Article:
We have the drivecams installed in the vehicles where I work. While I know the intent is not to be used as a big brother disciplinarian tool, that is *exactly* how it's being used by my employer. They have written some of the most draconian and regressive driving policies I have ever encountered. Example: If you pass through a red light or a stop sign and it is caught on camera, you are fired. No excuses accepted. Icy pavement and you tried your best to stop? Too bad, you're fired.

  • Brian

    Helping teens drive? Like teens need the help more than any other sap out there unfamiliar with the latest adaptation to the regulations of the road.
    Please, cut the patronizing bullcrap, CNN. According to the morning wisdom box, teens have the coordination of a 70 year old when on the cell phone. If you have a problem with that, why is my grandpa driving, you hypocritical turds?
    All these cameras will do is make you drive slower and make you less confident in yourself. It's the same logic being used by "red-light cameras". If you see a yellow light and know there's a camera there, what are you gonna do? Speed up, not slow down! You wanna pass it before you get caught in front of the line by a freakin' inch and get ticketed like you know you always will. Murphy's Law.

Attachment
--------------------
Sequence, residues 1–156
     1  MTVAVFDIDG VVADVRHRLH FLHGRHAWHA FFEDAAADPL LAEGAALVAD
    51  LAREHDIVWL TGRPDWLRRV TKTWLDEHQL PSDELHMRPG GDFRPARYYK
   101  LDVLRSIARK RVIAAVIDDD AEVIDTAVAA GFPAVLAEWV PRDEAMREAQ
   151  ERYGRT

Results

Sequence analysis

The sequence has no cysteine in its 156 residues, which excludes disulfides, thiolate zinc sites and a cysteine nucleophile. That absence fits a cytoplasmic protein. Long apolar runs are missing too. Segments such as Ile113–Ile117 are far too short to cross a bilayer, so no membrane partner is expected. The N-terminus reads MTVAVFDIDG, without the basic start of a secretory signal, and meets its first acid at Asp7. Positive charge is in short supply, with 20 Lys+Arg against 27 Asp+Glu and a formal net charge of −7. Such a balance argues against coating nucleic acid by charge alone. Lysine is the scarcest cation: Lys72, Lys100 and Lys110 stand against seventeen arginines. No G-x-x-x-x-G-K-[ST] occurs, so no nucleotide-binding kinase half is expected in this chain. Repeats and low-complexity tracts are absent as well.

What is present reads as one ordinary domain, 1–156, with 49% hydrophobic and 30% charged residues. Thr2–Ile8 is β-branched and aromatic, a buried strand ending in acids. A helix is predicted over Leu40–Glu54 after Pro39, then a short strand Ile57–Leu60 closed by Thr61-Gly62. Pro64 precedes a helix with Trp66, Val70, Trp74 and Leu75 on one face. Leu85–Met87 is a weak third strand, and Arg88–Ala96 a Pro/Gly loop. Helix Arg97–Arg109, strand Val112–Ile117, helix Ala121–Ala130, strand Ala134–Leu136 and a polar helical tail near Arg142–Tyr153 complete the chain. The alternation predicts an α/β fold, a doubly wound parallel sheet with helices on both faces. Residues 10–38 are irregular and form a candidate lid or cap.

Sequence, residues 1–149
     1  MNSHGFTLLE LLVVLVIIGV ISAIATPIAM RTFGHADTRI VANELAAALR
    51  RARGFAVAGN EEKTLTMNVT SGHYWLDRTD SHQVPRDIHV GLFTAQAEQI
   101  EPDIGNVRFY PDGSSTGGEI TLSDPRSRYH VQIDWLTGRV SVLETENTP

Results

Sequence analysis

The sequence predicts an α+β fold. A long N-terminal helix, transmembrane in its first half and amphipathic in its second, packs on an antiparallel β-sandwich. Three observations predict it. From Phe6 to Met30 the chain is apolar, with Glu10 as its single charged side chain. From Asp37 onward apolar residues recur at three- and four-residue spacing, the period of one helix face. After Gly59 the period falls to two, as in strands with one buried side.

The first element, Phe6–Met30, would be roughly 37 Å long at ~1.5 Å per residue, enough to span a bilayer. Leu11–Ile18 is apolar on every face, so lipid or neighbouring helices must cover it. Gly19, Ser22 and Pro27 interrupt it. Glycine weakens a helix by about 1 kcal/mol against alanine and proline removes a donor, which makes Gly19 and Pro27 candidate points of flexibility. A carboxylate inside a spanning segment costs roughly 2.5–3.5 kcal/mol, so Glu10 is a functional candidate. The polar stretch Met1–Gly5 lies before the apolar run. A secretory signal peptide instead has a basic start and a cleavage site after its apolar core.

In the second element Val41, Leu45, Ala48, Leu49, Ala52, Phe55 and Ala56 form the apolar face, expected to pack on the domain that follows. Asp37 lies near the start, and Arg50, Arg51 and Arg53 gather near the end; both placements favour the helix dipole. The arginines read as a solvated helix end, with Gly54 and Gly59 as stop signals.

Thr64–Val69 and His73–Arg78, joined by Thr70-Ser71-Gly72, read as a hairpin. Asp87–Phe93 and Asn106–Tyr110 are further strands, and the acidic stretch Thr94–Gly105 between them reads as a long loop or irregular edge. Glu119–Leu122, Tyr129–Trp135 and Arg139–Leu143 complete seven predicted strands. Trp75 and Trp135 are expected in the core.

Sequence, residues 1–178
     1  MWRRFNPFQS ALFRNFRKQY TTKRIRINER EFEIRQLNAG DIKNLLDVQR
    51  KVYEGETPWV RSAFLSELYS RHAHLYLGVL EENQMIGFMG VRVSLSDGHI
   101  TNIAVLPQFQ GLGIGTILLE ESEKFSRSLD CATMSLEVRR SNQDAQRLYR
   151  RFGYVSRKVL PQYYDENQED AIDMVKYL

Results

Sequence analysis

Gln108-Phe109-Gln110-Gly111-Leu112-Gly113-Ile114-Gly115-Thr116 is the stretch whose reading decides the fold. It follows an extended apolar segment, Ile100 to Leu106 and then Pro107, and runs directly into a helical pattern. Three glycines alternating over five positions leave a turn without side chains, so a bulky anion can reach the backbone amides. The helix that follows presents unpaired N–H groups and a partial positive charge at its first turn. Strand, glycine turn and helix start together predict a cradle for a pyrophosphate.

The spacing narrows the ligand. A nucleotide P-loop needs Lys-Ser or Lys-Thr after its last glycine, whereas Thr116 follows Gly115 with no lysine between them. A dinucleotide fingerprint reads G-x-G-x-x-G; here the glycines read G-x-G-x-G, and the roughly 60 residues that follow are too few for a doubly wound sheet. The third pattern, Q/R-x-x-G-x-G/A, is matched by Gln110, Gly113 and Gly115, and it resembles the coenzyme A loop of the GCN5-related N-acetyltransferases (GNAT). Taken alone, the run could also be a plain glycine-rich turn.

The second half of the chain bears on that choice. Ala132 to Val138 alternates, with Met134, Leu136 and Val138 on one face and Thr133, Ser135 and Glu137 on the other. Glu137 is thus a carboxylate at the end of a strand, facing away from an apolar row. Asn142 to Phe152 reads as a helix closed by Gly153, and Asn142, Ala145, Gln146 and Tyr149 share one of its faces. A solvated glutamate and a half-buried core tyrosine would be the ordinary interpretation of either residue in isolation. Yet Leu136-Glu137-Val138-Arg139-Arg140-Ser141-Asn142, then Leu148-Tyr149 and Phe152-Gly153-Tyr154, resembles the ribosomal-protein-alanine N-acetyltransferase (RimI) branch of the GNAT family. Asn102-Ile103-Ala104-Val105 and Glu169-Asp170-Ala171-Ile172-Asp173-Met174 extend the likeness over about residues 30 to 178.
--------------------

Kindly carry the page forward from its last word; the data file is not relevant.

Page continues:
• pedro guerra

    Hy I am from Dominican Republic
    I will like to know what is the retail price for that systems

  • David July

    This spam comment appeared today and since I found it amusing, I am reposting it sans the spammy links.

    The National Transportation Safety Board recently divulged they had funded a project with US auto makers for the past five years. The NTSB covertly funded a project whereby the auto makers were installing black boxes in four wheel drive pickup trucks in an effort to determine, in fatal accidents, the circumstances in the last 15 seconds before the crash.

    They were surprised to find in 49 of the 50 states the last words of drivers in 61.2% of fatal crashes were, "Oh, Shit!"

    Only the state of Texas was different, where 89.3% of the final words were, "Hey Y'all, hold my beer and watch this!"

  • kelly Cusick

    There's an interesting book called "Driving Me Crazy" that really explains in depth how the DriveCam system works. To me, one of the interesting aspects was that all drivers of a car with a DriveCam camera installed become better drivers, because they learn what kinds of movements trigger the camera and unconsciously adjust their driving techniques to avoid those.

    I think the opportunity for continuing conversation and feedback between a teen driver and their parents that this technology provides, is a good thing; if the teen is driving perfectly then there are no recordings to view. If they are making mistakes significant enough to be recorded, then the parent has real knowledge about it, and can make appropriate decisions about how to help their kid be safer on the roads.